Tennessee man who strangled gay activist back in court
October 21 2003 12:00 AM ET
A man given a lenient sentence after pleading guilty to strangling a gay rights activist in Knoxville, Tenn., last year is back in court. Chad Allen Conyers, 32, pleaded guilty to voluntary manslaughter in the April 2002 strangulation of Joseph Camber, 36, after the two left a gay nightclub in Knoxville. Conyers originally was charged with second-degree murder. But according to statements made in court last week by a Knox County prosecutor, Conyers's defense team convinced prosecutors that Conyers was a law-abiding citizen who had never--and would never--hook up with a stranger for casual sex. On that basis Conyers was allowed to plead guilty to voluntary manslaughter and placed on judicial diversion, a decision that upset Camber's friends and relatives and enraged some in the gay community. If Conyers had stayed out of trouble, not only would he have avoided jail time in the slaying, but he also could have asked for the case to be erased from his record.
But Conyers was charged in Virginia Beach, Va., during the summer with a "peeping-tom" violation in an undercover sting operation in a department store rest room. Assistant District Attorney General Phil Morton told Knox County criminal court judge Richard Baumgartner last week that the prosecution now feels it was wrong about Conyers in the first place. "Today not only do we find out he denies the facts of this [Camber] case," Morton said. "Now we find him in a situation where he's making contact with a total stranger, initiating sexual discussions--facts similar [to those connected with the strangulation]."
Virginia Beach Police Department detective Jason Staab-Peters testified Friday that his vice squad had set up a sting at a mall department store rest room because of complaints that men were engaging in sex there. Staab-Peters said the men used a "tapping" code, explained in directions on the stall walls, to indicate what sexual service they were seeking. On July 31, Staab-Peters said, he went into one of those stalls. Conyers was in an adjacent stall and began "tapping," the detective said. Staab-Peters said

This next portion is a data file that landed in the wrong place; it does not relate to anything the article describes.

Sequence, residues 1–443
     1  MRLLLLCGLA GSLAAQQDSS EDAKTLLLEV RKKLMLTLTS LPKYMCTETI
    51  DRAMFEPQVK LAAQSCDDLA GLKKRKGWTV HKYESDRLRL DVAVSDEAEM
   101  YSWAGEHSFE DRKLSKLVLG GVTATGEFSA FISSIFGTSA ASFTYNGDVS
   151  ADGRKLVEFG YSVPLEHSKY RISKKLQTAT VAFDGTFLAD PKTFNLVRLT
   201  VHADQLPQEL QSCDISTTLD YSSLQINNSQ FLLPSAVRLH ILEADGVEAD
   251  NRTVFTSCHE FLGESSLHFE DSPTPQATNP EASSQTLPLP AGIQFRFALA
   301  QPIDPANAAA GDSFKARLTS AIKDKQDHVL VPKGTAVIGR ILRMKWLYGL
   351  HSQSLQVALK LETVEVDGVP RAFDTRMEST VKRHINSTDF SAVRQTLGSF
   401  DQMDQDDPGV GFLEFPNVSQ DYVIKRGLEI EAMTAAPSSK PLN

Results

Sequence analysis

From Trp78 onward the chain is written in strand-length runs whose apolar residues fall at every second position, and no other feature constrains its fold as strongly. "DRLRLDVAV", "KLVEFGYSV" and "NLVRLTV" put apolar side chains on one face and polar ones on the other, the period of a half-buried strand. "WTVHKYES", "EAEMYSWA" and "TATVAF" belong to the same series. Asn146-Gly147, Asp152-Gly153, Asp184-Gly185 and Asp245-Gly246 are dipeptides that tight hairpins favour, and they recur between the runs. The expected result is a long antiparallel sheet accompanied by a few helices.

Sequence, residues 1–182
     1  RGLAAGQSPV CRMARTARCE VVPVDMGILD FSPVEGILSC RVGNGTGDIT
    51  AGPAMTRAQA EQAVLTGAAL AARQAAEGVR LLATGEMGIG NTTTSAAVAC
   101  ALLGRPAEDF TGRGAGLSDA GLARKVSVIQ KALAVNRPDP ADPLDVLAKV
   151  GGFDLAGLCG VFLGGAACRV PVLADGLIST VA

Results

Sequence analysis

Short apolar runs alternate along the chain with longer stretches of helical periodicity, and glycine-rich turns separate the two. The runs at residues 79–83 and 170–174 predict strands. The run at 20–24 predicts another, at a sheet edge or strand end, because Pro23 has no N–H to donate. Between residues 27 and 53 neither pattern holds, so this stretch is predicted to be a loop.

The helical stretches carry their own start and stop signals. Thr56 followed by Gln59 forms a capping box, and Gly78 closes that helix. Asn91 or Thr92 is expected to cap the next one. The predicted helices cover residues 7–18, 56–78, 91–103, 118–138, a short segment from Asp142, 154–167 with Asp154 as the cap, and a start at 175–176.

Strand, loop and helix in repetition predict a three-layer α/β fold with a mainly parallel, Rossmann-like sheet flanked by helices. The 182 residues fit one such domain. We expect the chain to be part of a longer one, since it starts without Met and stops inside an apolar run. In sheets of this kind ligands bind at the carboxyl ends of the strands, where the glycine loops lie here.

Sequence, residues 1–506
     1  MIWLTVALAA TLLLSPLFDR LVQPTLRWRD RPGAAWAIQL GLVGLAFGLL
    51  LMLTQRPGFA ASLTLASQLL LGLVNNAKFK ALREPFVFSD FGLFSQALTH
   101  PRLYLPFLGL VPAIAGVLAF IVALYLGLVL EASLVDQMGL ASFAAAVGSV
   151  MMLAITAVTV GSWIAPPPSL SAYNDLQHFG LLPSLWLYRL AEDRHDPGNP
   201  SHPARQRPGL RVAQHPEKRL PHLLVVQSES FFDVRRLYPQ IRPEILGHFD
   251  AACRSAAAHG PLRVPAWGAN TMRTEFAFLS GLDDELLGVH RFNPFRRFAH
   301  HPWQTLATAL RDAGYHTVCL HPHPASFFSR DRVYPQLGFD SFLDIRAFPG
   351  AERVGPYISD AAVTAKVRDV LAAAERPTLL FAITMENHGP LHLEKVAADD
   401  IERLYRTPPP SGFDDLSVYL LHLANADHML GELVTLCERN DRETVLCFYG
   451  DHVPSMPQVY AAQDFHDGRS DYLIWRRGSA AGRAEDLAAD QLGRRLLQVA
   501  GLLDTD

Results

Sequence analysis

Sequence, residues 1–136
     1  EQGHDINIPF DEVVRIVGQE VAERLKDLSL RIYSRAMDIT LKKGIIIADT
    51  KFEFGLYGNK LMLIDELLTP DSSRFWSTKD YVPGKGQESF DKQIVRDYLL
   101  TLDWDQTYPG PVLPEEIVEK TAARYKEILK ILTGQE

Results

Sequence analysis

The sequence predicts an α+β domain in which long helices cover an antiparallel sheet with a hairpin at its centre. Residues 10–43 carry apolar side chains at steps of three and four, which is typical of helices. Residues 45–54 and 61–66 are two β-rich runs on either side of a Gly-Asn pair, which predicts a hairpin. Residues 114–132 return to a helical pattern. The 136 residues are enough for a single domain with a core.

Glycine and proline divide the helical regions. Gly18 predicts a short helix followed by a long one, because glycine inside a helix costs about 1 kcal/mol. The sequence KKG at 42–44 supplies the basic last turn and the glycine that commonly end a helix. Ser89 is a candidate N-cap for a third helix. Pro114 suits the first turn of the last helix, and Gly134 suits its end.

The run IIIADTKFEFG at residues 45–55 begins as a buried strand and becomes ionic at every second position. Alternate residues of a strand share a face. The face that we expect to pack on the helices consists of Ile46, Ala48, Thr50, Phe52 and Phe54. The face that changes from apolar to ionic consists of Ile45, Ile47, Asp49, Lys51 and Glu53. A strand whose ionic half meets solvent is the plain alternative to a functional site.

Conyers told him he was already engaged in a sex act and made a lewd comment to the detective. "I saw Mr. Conyers stand up, peeping over into my stall," the detective said.
After Conyers was charged, Staab-Peters said, he learned Conyers was working as a "park ranger" at a state park in Virginia Beach known as a hangout for men interested in casual sex with strangers. Conyers said he went to the department store to buy a vacuum cleaner and claimed Staab-Peters initiated a sexually charged conversation with him in the rest room. He said he peered into the stall only because he "felt uncomfortable." Conyers also denied that he and Camber had engaged in any sexual activity before he strangled Camber. If that's true, Morton said, then Conyers lied when he accepted the plea deal in Camber's slaying because he agreed the death arose from "some sexual activity."
Baumgartner has now set aside the judicial diversion and established a December 4 sentencing date to determine how much time, if any, Conyers should serve for killing Camber. Conyers was originally sentenced to a four-year jail term, but Morton said he is researching to see whether prosecutors can seek lengthier punishments. Conyers will remain free on bond until his sentencing hearing.
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